• Join over 1.2 million students every month
  • Accelerate your learning by 29%
  • Unlimited access from just £6.99 per month

Lennie Small is the central character in the novel, 'Of Mice and Men'. The American John Steinbeck wrote the story about Ranch life in the 1930s.

Extracts from this document...


Lennie Small Lennie Small is the central character in the novel, 'Of Mice and Men'. The American John Steinbeck wrote the story about Ranch life in the 1930s. Lennie is perhaps the most interesting character in the novel. He is likeable and even loveable, maybe because he himself is so keen to show affection. There is a huge part of Lennie that means no harm, however he is definitely not harmless. He is both villain and victim, caring and destructive. He is complicated, even contradictory. At the time the novel was published the American stock market on Wall Street crashed catastrophically. This led to a massive economic depression in the 1930s when increasing mechanisation was driving agricultural labourers off the land. California was filling with official and unofficial refugee camps. Drought and over-farming were reducing the amount of fertile land. This meant owners in Oklahoma and Arkansas were going bankrupt and banks were repossessing their land. Banks themselves were collapsing and all of it was worse if you were black. America was still a highly racist and segregated society. The American Dream was dead. Poverty and starvation stalked California and other stricken states. ...read more.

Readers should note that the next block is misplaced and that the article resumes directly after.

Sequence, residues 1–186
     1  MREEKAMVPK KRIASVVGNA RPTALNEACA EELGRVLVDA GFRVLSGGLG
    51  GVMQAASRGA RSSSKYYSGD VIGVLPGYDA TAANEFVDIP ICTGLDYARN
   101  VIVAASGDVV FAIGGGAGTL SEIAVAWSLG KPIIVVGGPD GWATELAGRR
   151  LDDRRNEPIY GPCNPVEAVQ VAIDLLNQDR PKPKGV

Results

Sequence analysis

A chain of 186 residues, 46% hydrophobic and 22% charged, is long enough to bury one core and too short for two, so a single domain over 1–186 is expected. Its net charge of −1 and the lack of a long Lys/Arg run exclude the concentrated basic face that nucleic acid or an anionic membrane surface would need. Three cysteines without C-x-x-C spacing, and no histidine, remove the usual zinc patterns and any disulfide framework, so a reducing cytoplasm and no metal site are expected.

His Aunt Clara used to give him mice to play with. He is stubborn and very possessive over his animals, for example, over his mice, his puppy and his dream of tending his own rabbits. He never wants to let the animals we see him with out of his sight. But he is not very good at deceiving George - he knows whenever Lennie's got one hidden in his coat or in his pocket. Lennie is always on the lookout for a pet, a mouse, a rabbit, a puppy or maybe a 'purty' woman. Lennie loves tame and friendly animals, that's mostly what he is himself, tame and friendly. The mother of his new brown and white pup allows him to handle the others -'she don't care. She lets me.' Animals seem unusually comfortable and unthreatened by him. However, there is another side to this obsession with animals. He's also got a male animal's sex drive. This expresses itself in his desire to stroke soft things, the lady in Weeds dress and Curley's wife hair, for example. This seems sexual, but Lennie's not mature enough to understand it. In both cases, whatever the motivation, the consequences were very bad. ...read more.


According to George Lennie is not malicious but he 'don't know no rules. But Lennie has sudden fits of anger, like when he hurled the puppy across the barn and he killed it. This suggests Lennie is not quite as innocent and blameless as George says he is. People pick on Lennie because he is stupid. Curley picks on him from the moment they meet. As does the boss, Curley's wife and Crooks. His stupidity gets in him constant trouble. Because he can't think for himself, he lives by his senses. That's partly where the stroking comes in. he knows it feels nice, he doesn't wonder why, he just does it. In the novel names are often symbolic. Steinbeck uses names to drop hints about the characters. Lennie's surname is Small. Carlson makes a joke about it. But although he is huge height-wise, Lennie is fairly small in the brains department, so in a way it is not so ironic. Lennie is a complex, contradictory character. He is a large stupid, violent, strong, childish man who is very animal like. He always travels with George, he may be big and strong but it is very clear he is very slow. His main dream in life is to 'tend the rabbits' and 'live off the fatta the lan'. Laura Mullinger 10Q Page 1 of 5 ...read more.